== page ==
Gravity is Not Load Security

No Load SecurityThree incidents this week prompt me to remind everyone about load security. Two boats have taken unexpected cruises along the pavement and a falling ladder caused a minor injury collision when the driver following along behind attempted to avoid the sudden obstacle in front of her. All of these incidents were cases of improper load security.

It seems that many people think that gravity will hold everything onto the vehicle and that they will be able to drive to their destination without worry. These drivers are a source of endless amusement to the staff at one large local business. They told me about a customer who brushed off their suggestion of tie downs and lost his new fridge out of the back of his pickup before he was out of sight of the loading dock. Like the other incidents, this was an expensive lesson.

In general, any load that is not contained by the vehicle carrying it must be secured to the vehicle in some manner. This can mean rope, cable or straps for larger objects or a tarp for items like mulch, sand or gravel. The tie downs must be of sufficient strength to restrain the load and in the case of long objects, a minimum number of tie downs is required. In addition to tie downs, dunnage may be required. Dunnage could take the form of plastic wrap or lumber to help the tie downs secure a stack of smaller items.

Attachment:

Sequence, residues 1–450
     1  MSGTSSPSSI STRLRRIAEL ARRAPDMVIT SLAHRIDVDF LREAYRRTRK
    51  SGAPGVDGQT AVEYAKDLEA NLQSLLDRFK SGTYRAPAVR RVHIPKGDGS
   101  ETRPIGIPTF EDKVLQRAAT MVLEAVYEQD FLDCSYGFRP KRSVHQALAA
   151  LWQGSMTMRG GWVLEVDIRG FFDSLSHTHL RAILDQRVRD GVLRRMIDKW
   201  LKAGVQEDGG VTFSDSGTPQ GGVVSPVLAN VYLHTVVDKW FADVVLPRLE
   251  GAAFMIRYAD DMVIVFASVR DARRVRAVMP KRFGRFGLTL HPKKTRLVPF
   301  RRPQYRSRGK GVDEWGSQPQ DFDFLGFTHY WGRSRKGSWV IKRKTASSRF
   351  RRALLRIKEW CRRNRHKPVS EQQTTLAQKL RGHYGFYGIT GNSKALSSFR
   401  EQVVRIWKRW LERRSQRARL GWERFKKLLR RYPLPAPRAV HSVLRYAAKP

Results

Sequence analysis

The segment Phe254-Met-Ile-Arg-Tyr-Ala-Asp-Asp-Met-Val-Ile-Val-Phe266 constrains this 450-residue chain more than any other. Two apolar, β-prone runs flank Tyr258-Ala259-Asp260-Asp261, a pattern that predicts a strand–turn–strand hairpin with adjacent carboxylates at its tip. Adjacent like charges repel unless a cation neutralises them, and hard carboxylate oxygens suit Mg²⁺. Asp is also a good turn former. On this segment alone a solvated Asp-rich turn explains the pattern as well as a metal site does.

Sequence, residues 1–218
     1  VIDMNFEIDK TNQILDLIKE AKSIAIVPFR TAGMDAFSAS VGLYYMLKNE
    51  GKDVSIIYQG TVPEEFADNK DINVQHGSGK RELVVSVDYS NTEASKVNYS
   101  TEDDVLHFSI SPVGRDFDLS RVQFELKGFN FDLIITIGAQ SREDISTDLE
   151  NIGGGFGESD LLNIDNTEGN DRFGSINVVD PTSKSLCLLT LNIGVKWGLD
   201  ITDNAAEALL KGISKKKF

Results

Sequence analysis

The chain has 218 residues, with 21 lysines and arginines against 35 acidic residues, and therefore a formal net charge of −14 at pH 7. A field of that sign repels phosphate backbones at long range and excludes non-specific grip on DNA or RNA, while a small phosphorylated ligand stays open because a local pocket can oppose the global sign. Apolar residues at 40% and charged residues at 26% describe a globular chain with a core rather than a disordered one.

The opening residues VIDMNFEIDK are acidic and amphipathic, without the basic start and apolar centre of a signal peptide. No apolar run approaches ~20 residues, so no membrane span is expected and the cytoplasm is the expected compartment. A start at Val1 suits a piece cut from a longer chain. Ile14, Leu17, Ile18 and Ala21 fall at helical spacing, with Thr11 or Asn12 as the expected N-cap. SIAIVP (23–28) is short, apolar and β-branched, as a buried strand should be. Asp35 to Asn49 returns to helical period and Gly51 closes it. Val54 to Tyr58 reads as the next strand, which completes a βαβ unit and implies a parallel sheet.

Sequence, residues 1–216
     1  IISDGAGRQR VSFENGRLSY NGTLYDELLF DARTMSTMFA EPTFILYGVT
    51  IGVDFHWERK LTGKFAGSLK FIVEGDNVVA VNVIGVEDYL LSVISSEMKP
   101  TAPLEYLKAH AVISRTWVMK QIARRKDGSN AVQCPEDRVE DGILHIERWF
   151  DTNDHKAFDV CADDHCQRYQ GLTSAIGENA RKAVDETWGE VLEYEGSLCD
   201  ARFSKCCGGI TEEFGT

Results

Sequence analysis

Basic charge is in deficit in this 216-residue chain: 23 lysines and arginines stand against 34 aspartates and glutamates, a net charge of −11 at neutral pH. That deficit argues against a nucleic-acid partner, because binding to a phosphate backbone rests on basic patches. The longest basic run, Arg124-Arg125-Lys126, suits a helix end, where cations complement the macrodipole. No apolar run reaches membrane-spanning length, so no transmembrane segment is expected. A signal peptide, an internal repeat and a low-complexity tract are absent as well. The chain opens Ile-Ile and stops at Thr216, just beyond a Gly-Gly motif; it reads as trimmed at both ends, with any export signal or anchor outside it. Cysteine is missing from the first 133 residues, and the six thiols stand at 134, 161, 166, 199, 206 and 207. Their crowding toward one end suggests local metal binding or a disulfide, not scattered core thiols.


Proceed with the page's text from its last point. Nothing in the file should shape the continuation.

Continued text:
A good reference for anyone wanting to know how to secure loads properly is "Project Load Security," a booklet available free at any weigh scale or for download from the Solicitor General's web site.

What happens if you are caught with an unsecured load? The first step is an order removing the vehicle from the highway until the load is properly secured. That may be followed up with a violation ticket as well.

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